Trump continues to lead among White voters who attended some college or less
Share of support among White voters who attended some college or less
White voters without college degrees accounted for about one-third of the electorate nationally, the surveys indicated. Trump won about 6 in 10 of those voters nationally, a slight decline from his dominance with that group in 2016. The gap between the president and Biden was even wider in Georgia, Texas, Ohio and North Carolina, a state where those Whites without college degrees accounted for nearly four in 10 voters, the surveys found.
Women backed Biden more than Trump; men split vote evenly
Share of support among female voters
The male vote split roughly equally between Biden and Trump, according to the preliminary results from the national survey, down from an 11-point lead that Trump had among the group in 2016. Among women, Biden led by double digits, similar to Clinton’s lead in 2016. In a national average of October polls, women favored Biden by 23 points.
Most voters decided before September, preliminary polls show
Share of support among voters who decided before the last week
More than 7 in 10 voters said they decided which candidate to support for president before September, according to early polling. There appear to be fewer late deciders than in 2016, when 13 percent of voters decided in the final week, a group that swung in Trump’s direction in key states. This year, with many ballots cast early, about 1 in 20 voters say they decided who to support in the past week.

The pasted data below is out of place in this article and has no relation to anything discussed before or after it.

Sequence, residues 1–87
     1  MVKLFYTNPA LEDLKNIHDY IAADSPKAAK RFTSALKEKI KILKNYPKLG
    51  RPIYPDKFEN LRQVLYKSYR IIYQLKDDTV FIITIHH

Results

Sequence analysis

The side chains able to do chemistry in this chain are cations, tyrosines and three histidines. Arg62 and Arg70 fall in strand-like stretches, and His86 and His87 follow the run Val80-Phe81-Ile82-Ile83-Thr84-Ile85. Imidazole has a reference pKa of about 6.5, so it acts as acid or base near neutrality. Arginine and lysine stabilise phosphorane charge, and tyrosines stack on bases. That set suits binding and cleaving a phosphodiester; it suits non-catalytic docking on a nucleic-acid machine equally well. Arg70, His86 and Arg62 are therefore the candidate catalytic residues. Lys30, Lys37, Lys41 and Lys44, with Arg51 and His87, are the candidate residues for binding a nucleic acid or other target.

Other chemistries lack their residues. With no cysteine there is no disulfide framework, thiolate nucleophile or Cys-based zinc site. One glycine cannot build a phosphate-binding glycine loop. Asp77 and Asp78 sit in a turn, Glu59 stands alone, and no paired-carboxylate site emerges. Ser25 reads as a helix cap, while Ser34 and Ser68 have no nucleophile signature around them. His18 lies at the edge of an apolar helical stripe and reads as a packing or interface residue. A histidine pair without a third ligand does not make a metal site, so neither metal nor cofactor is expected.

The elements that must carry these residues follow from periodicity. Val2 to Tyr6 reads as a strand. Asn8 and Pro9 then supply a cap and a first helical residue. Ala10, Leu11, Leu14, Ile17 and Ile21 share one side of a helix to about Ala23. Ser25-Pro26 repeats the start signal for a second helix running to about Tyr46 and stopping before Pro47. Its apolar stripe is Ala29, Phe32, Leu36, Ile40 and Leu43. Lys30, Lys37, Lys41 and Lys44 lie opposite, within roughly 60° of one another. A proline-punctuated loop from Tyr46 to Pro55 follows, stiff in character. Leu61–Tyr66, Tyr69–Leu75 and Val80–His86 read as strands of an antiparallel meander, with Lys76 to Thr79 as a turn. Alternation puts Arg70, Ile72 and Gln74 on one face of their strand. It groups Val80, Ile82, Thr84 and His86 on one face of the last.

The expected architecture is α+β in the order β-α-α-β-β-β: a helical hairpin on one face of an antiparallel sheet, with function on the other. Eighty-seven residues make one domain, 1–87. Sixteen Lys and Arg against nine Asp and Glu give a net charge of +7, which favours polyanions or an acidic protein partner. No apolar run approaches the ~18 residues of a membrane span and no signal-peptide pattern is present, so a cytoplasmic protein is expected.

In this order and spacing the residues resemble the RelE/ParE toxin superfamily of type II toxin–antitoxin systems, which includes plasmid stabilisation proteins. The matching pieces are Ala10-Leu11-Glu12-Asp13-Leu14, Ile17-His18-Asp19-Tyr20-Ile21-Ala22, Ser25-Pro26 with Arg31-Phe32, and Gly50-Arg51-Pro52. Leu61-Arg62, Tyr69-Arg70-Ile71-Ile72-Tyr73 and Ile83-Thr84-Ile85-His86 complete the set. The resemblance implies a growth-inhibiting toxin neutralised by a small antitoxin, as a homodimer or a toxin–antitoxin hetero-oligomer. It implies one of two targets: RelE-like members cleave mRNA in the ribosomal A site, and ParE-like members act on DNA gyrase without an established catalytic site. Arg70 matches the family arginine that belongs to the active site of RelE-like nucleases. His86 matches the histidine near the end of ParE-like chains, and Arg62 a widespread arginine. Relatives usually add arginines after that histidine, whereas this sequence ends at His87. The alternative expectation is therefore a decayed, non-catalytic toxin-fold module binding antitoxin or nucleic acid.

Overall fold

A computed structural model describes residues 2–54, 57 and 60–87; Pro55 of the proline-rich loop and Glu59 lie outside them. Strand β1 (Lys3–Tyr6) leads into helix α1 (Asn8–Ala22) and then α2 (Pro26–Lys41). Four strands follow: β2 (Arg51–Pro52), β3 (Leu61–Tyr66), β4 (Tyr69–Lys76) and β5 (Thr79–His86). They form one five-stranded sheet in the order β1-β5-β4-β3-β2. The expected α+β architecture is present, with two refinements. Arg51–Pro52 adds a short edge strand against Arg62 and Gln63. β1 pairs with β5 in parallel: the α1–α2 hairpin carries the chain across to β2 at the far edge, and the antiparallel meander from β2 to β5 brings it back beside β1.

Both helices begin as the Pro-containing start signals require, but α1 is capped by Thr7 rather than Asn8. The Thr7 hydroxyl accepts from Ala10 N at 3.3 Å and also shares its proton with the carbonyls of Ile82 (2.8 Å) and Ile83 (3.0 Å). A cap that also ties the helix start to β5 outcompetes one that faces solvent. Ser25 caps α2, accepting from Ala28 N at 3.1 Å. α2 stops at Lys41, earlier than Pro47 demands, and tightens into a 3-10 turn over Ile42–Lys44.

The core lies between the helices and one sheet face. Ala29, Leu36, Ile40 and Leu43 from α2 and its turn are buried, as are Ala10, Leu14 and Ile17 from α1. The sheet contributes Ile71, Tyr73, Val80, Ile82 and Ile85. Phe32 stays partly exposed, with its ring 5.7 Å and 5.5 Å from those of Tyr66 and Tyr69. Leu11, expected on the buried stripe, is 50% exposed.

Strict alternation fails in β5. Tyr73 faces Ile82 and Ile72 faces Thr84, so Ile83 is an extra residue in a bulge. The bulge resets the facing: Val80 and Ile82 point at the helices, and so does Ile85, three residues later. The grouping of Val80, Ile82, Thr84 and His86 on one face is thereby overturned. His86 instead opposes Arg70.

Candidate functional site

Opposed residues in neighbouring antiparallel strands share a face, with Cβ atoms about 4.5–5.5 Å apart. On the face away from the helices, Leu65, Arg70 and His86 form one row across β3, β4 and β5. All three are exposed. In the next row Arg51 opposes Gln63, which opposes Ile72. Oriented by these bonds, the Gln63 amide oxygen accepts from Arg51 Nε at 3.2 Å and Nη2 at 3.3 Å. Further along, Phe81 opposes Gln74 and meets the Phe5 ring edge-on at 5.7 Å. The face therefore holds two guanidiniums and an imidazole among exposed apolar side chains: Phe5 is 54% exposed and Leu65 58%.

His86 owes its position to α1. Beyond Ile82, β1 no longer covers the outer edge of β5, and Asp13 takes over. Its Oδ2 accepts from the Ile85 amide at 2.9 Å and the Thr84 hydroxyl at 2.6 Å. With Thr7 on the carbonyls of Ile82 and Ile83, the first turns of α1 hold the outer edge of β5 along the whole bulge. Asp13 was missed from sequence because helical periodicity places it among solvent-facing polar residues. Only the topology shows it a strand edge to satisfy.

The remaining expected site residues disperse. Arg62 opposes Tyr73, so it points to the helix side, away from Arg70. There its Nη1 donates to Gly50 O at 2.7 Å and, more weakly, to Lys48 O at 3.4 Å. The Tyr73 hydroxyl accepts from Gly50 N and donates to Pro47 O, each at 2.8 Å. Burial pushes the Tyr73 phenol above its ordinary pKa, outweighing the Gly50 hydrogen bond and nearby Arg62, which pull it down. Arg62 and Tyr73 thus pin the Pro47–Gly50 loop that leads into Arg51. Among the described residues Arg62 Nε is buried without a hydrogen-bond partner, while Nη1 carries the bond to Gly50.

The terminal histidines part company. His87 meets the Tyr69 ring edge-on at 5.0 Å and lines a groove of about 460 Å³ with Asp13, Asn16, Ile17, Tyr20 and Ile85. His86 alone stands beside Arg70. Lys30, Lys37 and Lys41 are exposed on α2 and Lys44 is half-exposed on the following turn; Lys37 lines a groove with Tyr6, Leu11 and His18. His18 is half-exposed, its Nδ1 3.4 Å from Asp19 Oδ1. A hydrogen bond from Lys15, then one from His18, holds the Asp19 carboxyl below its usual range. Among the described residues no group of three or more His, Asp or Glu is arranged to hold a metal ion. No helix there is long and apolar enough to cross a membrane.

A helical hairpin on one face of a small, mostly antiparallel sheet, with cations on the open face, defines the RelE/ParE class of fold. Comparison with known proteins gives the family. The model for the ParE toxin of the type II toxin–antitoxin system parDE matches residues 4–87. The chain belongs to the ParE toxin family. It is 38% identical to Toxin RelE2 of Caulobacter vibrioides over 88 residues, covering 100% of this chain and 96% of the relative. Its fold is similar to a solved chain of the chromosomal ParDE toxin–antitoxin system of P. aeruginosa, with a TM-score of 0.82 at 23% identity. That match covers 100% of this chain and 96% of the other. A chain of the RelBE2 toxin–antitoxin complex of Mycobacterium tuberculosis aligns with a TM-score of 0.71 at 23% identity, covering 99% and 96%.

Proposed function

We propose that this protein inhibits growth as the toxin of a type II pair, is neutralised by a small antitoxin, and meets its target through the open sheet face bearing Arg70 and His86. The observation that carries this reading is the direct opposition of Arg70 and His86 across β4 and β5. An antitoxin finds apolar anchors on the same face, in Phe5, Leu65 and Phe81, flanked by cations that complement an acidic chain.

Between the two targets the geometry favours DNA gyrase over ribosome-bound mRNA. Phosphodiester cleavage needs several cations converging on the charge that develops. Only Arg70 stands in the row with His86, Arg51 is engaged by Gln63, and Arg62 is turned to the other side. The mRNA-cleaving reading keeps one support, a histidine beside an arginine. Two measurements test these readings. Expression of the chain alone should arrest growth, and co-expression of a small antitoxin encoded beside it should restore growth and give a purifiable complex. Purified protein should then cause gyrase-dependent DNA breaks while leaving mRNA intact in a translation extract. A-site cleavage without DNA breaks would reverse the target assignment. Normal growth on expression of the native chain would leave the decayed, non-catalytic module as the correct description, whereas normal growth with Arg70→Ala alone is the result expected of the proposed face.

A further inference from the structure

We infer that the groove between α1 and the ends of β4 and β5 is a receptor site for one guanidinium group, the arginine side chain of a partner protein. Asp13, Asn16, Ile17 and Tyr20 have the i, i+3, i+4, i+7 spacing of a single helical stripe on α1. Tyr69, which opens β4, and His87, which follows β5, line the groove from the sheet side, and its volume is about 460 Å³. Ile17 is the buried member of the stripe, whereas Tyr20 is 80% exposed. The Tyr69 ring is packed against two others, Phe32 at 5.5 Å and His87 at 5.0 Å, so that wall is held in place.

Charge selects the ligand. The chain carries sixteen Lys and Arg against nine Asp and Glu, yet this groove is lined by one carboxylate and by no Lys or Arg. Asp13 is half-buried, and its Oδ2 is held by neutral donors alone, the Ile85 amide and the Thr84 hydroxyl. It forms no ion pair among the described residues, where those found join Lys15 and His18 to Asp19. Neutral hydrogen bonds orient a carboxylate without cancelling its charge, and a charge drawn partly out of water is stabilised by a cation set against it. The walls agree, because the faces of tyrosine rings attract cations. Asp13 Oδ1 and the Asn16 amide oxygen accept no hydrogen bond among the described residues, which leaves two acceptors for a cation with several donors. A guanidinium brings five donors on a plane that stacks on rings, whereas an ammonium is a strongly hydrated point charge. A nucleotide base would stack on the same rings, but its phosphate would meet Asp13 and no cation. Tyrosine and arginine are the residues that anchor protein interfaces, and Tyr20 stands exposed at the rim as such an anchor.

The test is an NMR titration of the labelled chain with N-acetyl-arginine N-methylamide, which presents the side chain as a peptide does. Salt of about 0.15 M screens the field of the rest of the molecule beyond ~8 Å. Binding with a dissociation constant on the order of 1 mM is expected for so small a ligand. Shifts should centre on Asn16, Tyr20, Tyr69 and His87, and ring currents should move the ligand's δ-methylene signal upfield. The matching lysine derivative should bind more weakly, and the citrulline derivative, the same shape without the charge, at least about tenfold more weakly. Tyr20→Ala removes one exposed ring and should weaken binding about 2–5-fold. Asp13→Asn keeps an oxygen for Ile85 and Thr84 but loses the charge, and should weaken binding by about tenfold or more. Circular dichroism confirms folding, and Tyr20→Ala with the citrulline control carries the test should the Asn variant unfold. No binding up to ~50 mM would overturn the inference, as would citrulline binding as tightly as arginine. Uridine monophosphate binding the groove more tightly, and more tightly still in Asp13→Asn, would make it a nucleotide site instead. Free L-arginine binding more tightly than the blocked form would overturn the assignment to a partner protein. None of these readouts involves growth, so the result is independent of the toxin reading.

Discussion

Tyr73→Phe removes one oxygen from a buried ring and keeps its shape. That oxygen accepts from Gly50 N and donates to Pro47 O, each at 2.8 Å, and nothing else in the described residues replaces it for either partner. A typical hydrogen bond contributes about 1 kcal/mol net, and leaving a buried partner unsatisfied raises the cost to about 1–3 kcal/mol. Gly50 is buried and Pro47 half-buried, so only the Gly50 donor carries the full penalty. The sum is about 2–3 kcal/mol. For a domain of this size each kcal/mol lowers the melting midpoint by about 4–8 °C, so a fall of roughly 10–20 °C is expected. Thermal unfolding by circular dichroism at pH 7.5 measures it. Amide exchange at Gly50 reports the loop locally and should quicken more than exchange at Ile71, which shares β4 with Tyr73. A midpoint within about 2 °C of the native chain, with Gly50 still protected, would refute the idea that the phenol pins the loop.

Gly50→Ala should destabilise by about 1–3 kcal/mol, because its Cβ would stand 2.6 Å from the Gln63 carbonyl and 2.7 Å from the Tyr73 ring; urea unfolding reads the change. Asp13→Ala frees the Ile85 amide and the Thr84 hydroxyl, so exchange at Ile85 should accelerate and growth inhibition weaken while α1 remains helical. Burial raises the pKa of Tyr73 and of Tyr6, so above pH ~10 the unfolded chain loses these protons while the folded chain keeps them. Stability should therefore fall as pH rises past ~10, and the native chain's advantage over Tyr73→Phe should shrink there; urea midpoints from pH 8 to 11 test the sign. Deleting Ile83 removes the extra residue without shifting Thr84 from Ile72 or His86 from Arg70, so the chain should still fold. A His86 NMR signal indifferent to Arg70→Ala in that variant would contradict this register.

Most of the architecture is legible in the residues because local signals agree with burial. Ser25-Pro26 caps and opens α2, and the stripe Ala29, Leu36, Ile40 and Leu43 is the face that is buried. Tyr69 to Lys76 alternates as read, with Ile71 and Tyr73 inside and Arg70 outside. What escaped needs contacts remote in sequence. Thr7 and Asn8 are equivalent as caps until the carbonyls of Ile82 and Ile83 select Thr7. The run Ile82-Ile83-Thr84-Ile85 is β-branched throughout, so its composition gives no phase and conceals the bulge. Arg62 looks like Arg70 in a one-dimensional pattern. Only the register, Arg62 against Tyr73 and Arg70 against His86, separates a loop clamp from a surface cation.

Almost three-quarters of voters nationally said their candidate’s positions on the issues were more important to their vote, as opposed to their candidate’s personal qualities. Biden supporters said by about a 2-to-1 margin that issues were more important than personal qualities, and by about a 5-to-1 margin, Trump supporters said the same.
Preliminary polling in Pennsylvania finds that most of the Keystone State’s voters have confidence that votes in their state will be counted accurately. About 8 in 10 say they are at least somewhat confident in this, while roughly a third say they are very confident in this.
In North Carolina, about 1 in 10 voters identified racism as the most important problem facing the United States, according to early exit polls, a share that rose to about 1 in 4 among Black voters in the state. The topic played very differently among those North Carolinians voting for Biden than among those voting for Trump. When asked about the most important issue in their vote, about 4 in 10 among those backing Biden said racial inequality topped the list. For Trump voters, that issue barely registered, dwarfed by their focus on the economy.
About 1 in 10 voters in Michigan, Wisconsin and Pennsylvania considered racism to be the most important problem facing the country, according to early polling. But clear majorities — three-quarters or more in all three states — consider it to be an important problem. Biden voters in these states overwhelmingly said racism is an important problem; more than 9 in 10 Biden voters in all three states said so. Narrower majorities of Trump voters in these states said the same.
Preliminary results by demographic group
Candidates who won a demographic group by six or more percentage points are highlighted.